Hand To Hand
I study my hands
and recall my father’s middle finger,
severed at the first knuckle by a meat grinder.
I always wondered what he felt
and what he did with the hamburger.
I remember the smooth rounded top,
like a bald head,
and wonder now – though I did not then,
how it would have felt
to hold that finger in my small hand.
I remember when my son,
while kneading the huge lawn mower scar on my hand,
announced how much he wanted his own scar.
When a youthful misadventure with a hot glue gun
branded a crescent moon on his hand
I wondered if it was the first and mandatory wound
on his journey to manhood,
for without the wound, the hand of a boy
never grows into the hand of a man.
Now I grasp his labor-roughened ham-like hand and
feel some of the masculine he has earned;
the near miss with a worm drive circular saw,
bruising the bone but sparing the thumb.
I massage my own hands that built our lake cabin:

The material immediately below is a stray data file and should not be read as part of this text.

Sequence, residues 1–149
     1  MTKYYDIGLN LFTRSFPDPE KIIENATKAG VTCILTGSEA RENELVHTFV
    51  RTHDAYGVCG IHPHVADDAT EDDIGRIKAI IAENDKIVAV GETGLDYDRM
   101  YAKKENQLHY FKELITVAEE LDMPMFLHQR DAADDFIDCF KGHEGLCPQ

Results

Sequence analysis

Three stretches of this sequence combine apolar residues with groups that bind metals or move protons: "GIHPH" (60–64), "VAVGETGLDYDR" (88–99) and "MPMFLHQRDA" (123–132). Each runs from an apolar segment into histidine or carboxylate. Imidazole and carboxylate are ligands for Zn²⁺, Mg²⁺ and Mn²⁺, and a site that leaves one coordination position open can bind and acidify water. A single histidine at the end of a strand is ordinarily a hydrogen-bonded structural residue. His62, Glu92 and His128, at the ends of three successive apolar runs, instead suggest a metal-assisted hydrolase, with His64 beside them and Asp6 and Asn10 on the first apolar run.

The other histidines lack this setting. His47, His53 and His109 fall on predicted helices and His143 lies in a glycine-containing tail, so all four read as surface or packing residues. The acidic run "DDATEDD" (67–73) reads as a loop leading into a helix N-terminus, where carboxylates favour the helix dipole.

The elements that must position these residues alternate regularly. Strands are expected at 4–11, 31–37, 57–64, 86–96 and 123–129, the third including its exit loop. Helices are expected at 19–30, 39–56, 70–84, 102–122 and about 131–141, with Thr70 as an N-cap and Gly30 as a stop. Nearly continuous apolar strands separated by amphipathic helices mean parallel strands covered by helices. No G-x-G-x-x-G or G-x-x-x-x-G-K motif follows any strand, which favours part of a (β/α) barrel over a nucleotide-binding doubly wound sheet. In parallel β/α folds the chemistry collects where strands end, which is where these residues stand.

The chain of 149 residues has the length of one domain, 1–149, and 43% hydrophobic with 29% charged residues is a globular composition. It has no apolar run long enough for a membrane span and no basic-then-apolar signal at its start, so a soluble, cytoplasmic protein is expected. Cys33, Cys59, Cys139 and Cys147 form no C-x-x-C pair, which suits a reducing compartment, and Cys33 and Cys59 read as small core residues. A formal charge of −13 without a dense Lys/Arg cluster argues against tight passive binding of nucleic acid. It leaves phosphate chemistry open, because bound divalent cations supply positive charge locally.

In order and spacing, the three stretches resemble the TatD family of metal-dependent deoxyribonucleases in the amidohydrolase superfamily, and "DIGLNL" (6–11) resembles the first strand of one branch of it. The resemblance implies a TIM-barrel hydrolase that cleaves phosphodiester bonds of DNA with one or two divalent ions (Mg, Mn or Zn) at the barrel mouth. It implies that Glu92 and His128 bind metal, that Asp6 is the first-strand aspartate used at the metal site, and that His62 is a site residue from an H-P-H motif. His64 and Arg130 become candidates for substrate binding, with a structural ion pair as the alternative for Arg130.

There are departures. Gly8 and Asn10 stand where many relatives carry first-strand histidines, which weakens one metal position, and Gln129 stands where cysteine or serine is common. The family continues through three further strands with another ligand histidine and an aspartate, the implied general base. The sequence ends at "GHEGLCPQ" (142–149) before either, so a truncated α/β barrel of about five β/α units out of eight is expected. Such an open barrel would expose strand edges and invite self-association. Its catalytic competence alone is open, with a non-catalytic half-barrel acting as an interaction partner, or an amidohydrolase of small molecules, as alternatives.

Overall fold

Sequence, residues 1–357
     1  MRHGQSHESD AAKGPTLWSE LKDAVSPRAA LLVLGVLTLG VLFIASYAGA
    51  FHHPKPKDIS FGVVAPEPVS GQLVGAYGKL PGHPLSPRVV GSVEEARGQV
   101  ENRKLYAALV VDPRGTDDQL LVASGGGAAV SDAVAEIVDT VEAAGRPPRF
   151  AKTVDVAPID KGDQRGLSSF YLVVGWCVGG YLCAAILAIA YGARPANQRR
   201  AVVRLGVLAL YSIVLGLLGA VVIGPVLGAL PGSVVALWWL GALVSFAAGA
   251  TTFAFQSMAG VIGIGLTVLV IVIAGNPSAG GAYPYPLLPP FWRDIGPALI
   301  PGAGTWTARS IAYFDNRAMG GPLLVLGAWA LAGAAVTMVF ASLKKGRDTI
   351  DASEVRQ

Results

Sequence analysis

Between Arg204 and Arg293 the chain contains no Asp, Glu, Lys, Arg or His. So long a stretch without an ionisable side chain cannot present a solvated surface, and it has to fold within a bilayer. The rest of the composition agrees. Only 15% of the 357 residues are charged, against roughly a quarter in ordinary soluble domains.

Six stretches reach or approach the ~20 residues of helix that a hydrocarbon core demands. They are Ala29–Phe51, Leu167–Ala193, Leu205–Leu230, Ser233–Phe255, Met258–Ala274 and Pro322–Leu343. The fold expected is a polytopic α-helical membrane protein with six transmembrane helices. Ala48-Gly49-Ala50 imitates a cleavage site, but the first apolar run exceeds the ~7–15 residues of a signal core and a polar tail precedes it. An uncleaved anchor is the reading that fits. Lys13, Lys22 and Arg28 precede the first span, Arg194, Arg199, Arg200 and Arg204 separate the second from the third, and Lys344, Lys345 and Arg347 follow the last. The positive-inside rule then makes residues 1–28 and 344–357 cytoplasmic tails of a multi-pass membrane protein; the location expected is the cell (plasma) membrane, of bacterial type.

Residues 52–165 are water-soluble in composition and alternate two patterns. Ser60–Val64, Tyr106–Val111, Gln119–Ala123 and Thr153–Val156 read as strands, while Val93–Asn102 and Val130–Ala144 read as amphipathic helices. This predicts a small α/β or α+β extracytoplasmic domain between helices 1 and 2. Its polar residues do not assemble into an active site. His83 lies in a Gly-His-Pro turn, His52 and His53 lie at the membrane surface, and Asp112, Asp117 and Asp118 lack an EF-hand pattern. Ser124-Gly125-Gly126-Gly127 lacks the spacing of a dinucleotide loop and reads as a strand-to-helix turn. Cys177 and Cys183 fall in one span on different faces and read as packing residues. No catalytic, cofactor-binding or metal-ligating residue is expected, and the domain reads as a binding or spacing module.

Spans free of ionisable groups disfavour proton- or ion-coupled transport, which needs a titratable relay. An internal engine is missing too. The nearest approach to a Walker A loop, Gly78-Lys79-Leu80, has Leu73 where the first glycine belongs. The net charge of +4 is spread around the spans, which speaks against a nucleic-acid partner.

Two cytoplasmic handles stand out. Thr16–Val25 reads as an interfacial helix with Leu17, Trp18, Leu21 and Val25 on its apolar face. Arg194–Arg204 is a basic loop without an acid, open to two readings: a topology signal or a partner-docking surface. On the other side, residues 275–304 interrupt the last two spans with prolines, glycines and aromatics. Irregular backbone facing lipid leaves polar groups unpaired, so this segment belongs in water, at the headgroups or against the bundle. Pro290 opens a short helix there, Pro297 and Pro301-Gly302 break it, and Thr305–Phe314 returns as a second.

the never-healed hangnail
from the drill that slipped and drilled through my fingernail.
and how I screamed while my family winced helplessly.
I wish I had caressed Dad’s smooth, rounded stub
and explored the wonder of new skin
that had so replaced the old that no scar appeared.
I wish I knew the place whence
the new skin came to cover the naked bone.
I wish I had asked him if he ever healed.
I wish he had let me touch his wound.
I wish I had wrapped my small hand
around that shortened end
and felt his pain.
Because I didn’t know how to ask then
I think I bear it for him still.
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